STAMFORD – In the last year, dozens of Connecticut towns have received millions of dollars in state grants, and many are using the money to build community centers.
The Town of Stratford, for example, got $2.4 million that it will spend on renovating the South End Community Center, a neighborhood mainstay that has operated in an old factory building for generations. The money will help restore the building inside and out, and expand programs that will give it “a new lease on its long life as a bulwark of support” in that working-class neighborhood, according to the grant award.
The Town of Hamden got $5.4 million from the state to help turn a long-vacant middle school into a “community campus.” The campus will house child care and senior services, social services, a food pantry, an arts and cultural center, a library, and a health and wellness center. The town and federal government will also fund the project, which will cost a total of $59 million.
The City of New London will put its $7.2 million state grant, plus $2 million in federal funding, toward a $40 million community and recreation center, which city officials said “will change the lives of many for generations to come.” The city will contribute $30 million to the project, which will include a swimming pool, gym, classrooms, lounge, indoor track, and other amenities, and serve as headquarters for the recreation department and youth affairs.
The dedication of significant resources to community centers is not surprising. In the three years since the COVID-19 pandemic hit, government leaders, urban planners and others nationwide have said that community-centered places are antidotes to city problems.
They say such places offer human connection in a virtual world; support social cohesion in a time of political dissension; and counteract loneliness. They help people feel attached to where they live, solve community problems, and restore trust in institutions.
But, in Stamford, supporters of the Glenbrook Community Center, which closed during the pandemic, say they are having no luck convincing Mayor Caroline Simmons to reopen it using a grant from the state Community Investment Fund, which the legislature launched last year to dole out $875 million to struggling communities through 2027.
You can run on it
Resurrection of the Glenbrook Community Center has become a focus of campaigns in Stamford’s District 7, where Democrat Christina Strain and Republican Mike Battinelli are vying for an open seat on the Board of Representatives.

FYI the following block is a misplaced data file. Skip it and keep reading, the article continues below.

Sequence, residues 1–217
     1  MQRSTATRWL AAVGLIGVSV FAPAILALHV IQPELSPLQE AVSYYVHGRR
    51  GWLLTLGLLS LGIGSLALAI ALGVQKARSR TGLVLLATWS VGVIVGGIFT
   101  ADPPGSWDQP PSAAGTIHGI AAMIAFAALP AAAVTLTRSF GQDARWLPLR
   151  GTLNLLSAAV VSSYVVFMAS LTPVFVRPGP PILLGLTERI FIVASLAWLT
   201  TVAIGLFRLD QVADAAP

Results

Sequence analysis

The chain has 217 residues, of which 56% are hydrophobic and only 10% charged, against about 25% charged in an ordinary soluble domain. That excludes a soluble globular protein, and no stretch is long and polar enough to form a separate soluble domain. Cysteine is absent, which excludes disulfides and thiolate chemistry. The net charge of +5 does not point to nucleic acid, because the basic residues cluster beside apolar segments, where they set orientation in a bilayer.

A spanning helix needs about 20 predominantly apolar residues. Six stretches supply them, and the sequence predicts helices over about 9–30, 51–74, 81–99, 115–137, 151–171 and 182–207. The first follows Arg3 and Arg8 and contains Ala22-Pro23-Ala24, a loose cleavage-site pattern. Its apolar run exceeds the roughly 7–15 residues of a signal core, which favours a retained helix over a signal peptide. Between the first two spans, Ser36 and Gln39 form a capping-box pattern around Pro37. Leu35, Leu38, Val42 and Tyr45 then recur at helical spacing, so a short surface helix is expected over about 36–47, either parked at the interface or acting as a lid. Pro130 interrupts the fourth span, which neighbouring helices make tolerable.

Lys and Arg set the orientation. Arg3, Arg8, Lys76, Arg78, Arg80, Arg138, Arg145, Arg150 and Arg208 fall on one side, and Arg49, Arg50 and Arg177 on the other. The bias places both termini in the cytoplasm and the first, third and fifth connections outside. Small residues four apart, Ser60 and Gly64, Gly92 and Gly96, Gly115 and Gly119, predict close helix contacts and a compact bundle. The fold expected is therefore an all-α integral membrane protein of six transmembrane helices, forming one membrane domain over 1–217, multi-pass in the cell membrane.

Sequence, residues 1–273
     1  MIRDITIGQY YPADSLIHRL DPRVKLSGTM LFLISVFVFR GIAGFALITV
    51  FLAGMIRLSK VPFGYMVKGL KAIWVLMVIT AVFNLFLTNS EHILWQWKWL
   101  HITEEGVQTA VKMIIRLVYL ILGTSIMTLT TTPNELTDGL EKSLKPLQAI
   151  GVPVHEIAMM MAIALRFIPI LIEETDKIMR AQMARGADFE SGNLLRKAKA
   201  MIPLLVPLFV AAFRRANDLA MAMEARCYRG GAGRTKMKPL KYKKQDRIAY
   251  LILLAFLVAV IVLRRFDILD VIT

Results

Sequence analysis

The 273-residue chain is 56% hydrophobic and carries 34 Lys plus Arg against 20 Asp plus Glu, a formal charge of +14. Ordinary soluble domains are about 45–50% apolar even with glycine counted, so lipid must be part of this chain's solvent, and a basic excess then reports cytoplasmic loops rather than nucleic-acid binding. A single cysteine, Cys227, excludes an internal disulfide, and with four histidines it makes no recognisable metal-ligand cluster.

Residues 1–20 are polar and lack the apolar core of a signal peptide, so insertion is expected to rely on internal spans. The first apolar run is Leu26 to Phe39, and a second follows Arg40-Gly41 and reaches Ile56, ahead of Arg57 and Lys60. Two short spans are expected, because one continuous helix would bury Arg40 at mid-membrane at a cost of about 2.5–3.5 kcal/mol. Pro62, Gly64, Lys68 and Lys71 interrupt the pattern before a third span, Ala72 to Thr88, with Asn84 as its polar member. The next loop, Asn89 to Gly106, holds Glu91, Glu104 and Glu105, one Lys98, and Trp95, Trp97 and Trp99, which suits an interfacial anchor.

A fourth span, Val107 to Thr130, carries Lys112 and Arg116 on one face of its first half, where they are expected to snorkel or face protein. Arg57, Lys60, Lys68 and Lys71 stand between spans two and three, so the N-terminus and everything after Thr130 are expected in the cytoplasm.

Strain said it helped her win the close Sept. 12 Democratic primary, which came down to a recount.
“I think it put me over the top – my opponent was for selling the community center,” said Strain, who defeated incumbent city Rep. Bianca Shinn. “This building is historic and beautiful. It’s the grande dame of Glenbrook. If I’m elected, I will do everything I possibly can to save it and reopen it as a community center again.”
It was the No. 1 issue raised while canvassing during the primary, said Strain and Laurie Doig, a Glenbrook resident and member of a neighborhood group called Save Our Center.
“I was at the poll from morning to night during the primary, and I went door to door with Christina when she was getting signatures,” Doig said.
Strain was not endorsed by the Democratic Party and petitioned her way onto the primary ballot.
“We got most of the signatures from Glenbrook people telling us, ‘We want a community center,’” Doig said.
Battinelli said the same about his Board of Representatives run this year, and his campaign for a District 27 state Senate seat last year.
“It’s what gets me in when I knock doors. Household after household says, ‘We have to reopen the community center,’” Battinelli said.
It’s tough for a Republican to win in heavily Democratic Stamford – his Senate campaign was unsuccessful – but the Glenbrook Community Center is a bipartisan issue, Battinelli said.
“Christina and I are on the same wavelength about it. No matter who ends up winning this Board of Reps race, we will go back to the administration to get the community center reopened,” he said.
It will be an uphill climb.
The mayor wants housing
Simmons last year proposed selling the city-owned Glenbrook Community Center to a private developer at a bargain price so the building could be converted to 51 units of affordable housing, along with 3,000 square feet of community space.
Residents and city representatives fought back, saying that would not come close to the 16,400 square feet offered in the fully functioning community center. Simmons said the city needs affordable housing, but residents and representatives said the city – particularly dense, diverse Glenbrook, where incomes fall below the citywide average – also needs community services.
They described a need for day care, pre-school, after-school, summer and sports programs for kids; dance, music, art and exercise classes; activities for seniors; and meeting space for recovering alcoholics, civic and social organizations, and more.
Opponents of Simmons’ housing plan said she failed to recognize the need for the services provided at the center; undervalued the price of the Crescent Street property for the developer; agreed to apartment rents that weren’t truly affordable; misrepresented the cost of reopening the community center; and unfairly characterized opposition to the sale as prejudiced against tenants who might live in the housing units.